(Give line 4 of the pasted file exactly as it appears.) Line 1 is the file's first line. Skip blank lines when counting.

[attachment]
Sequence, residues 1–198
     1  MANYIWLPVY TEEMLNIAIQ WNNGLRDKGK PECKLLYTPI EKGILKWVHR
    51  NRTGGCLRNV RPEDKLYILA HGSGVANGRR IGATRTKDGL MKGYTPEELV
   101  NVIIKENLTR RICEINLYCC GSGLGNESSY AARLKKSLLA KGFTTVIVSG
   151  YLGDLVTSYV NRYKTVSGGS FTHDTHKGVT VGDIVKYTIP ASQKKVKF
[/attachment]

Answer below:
   101  NVIIKENLTR RICEINLYCC GSGLGNESSY AARLKKSLLA KGFTTVIVSG